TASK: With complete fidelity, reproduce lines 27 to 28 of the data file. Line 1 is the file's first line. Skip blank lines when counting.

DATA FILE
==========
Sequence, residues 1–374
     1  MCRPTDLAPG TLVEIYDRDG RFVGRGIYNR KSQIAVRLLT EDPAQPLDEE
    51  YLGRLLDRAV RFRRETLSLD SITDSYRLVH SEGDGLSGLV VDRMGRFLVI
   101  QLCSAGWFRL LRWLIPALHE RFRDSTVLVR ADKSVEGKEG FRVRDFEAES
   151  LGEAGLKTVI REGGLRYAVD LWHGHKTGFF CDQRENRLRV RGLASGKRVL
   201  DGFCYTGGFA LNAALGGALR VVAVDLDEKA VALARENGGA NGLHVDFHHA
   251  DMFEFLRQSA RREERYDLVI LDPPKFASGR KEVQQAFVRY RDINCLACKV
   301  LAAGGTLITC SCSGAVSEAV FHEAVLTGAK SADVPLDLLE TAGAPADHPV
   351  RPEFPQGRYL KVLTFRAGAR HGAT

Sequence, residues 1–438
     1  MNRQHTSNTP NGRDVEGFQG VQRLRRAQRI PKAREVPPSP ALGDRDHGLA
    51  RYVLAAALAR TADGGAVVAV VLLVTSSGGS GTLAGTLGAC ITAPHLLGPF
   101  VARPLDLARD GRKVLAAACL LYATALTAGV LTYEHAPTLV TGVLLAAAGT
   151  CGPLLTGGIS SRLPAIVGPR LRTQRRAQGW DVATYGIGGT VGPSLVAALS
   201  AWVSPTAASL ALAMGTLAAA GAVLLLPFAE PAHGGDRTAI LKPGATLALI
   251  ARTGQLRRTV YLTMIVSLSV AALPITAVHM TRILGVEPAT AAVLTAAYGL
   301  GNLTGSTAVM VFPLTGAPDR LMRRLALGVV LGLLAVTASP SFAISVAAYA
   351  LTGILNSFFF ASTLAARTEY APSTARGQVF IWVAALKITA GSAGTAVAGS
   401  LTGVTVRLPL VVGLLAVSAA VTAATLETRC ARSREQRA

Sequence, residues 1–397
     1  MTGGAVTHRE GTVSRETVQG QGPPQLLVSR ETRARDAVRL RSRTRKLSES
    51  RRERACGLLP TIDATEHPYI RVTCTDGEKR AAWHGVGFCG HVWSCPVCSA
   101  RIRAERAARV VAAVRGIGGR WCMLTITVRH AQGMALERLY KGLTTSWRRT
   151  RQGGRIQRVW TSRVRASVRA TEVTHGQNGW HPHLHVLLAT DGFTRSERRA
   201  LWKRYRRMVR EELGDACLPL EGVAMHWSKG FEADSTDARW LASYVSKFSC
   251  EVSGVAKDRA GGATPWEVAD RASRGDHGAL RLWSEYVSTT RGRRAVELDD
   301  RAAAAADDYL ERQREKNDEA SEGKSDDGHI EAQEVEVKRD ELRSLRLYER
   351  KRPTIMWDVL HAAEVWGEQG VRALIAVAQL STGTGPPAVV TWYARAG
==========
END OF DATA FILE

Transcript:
   301  RAAAAADDYL ERQREKNDEA SEGKSDDGHI EAQEVEVKRD ELRSLRLYER
   351  KRPTIMWDVL HAAEVWGEQG VRALIAVAQL STGTGPPAVV TWYARAG